Minor White and Myke Collins discovered this asteroid on May 26, 2000, just a few degrees from Pluto
at the time. We had to devise new image processing techniques in order to make critical recoveries
of this dim, elusive object. Then almost 2 years later, in spring 2002, we recovered it in 8/3/2000
NEAT images extending its arc to 60 days. It was only 4 arcseconds from its expected position.|
James M. Early was born (July 25, 1922) in Syracuse, New York, second of the nine children.
During his eighteen years at Bell, he created much of the design theory of bipolar transistors,
discovered the effects of space-charge layer widening ("Early effect"), created the oscillator
transistor for the first U.S. satellite, led development of solar cells and transistors for Telstar I
ending his Bell Labs service as Director of the Electron Device Laboratory.
He joined Fairchild in September 1969 as leader of their research and development work. Under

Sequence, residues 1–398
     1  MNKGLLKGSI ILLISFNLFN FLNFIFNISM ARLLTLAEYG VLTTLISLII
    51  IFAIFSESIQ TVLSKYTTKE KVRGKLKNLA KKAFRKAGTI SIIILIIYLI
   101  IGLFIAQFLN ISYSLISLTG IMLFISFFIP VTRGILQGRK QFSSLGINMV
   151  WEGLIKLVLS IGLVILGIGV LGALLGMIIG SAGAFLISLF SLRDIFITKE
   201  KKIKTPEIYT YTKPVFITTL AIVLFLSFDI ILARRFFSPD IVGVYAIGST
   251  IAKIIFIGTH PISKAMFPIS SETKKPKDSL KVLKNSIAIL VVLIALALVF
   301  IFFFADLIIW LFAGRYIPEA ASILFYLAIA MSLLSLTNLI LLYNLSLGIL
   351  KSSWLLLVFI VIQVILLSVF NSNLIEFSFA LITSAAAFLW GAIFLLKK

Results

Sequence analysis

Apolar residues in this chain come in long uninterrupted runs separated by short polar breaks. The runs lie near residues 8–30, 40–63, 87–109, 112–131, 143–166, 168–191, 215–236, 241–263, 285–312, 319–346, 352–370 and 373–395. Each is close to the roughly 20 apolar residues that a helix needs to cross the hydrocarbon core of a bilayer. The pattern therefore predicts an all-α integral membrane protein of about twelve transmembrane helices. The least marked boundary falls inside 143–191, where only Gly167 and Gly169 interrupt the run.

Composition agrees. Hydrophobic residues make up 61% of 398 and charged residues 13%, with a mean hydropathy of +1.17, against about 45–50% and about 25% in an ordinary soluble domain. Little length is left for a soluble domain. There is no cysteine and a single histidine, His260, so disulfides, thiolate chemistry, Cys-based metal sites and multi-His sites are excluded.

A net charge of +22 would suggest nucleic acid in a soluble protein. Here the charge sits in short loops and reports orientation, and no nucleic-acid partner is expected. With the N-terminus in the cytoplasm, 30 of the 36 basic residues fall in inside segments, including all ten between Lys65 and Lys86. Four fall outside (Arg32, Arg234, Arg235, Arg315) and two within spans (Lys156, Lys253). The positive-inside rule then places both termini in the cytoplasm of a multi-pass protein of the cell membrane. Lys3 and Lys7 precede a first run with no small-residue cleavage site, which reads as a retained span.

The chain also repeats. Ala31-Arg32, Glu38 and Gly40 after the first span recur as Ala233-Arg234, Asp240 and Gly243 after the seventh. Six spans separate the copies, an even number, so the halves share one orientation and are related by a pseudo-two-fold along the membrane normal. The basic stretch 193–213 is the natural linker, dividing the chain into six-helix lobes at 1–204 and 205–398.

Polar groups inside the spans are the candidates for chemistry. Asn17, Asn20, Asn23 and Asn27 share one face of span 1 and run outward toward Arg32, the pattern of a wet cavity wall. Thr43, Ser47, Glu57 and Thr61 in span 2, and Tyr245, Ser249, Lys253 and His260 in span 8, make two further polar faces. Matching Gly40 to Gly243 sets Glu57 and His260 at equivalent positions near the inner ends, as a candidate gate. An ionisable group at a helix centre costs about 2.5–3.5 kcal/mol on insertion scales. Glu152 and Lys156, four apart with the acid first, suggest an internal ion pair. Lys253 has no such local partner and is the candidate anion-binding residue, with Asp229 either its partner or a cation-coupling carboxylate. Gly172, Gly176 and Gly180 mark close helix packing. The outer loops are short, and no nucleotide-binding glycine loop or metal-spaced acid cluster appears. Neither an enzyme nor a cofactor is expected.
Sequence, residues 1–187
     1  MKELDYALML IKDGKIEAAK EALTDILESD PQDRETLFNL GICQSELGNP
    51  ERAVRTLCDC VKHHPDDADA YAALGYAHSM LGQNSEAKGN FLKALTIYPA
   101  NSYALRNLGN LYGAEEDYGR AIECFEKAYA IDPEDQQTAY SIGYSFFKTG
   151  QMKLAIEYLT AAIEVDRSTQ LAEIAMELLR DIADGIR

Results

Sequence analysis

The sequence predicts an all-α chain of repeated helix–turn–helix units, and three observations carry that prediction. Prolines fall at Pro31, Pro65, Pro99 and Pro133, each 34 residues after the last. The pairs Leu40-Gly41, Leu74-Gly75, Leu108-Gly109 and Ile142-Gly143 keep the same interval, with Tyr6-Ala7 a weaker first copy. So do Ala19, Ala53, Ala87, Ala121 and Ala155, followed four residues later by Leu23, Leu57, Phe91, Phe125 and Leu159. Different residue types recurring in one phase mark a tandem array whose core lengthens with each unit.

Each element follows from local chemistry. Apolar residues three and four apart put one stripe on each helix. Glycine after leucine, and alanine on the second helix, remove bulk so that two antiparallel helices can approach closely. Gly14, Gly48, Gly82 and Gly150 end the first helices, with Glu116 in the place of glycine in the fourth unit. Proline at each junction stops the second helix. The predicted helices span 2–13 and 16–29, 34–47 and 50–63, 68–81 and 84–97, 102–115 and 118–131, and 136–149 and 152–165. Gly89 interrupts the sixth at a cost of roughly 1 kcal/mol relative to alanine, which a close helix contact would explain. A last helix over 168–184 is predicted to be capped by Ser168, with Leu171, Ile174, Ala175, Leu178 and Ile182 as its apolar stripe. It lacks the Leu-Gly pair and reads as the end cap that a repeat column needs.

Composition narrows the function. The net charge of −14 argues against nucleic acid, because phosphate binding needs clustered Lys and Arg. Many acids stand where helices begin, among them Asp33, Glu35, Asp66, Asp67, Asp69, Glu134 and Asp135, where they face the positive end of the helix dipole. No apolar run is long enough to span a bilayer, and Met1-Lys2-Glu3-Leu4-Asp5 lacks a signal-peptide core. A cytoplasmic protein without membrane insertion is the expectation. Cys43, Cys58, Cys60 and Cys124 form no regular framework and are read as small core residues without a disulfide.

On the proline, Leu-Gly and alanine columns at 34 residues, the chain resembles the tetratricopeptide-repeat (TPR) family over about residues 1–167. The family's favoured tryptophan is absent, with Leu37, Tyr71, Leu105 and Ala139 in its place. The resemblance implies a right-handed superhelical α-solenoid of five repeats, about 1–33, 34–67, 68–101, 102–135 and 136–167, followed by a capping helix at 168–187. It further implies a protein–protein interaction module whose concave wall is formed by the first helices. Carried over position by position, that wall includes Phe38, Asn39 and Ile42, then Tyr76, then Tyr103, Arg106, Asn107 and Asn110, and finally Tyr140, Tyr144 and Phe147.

his direction Fairchild Research Center created the isoplanar bipolar process, created the buried
channel CCD imagers which have revolutionized low light level electronic imaging. His leadership
brought Fairchild the first ion implanter in a merchant semiconductor manufacturing company (1970).
He holds fourteen patents.
The official citation reads:
"James M. Early was born July 25, 1922 in Syracuse, N.Y., USA and died January 2004.
Jim was a principal in the development of transistors for Telstar 1 communication satellite.
He discovered the space-charge layer widening in semiconductors now called the "Early Effect."
Jim was inducted into the New Jersey Inventors Hall of Fame and a Fellow of IEEE."
The name James M. Early was proposed by Dr. Robert Harrison who was a friend and
co-worker of Jim on the Manhattan Project.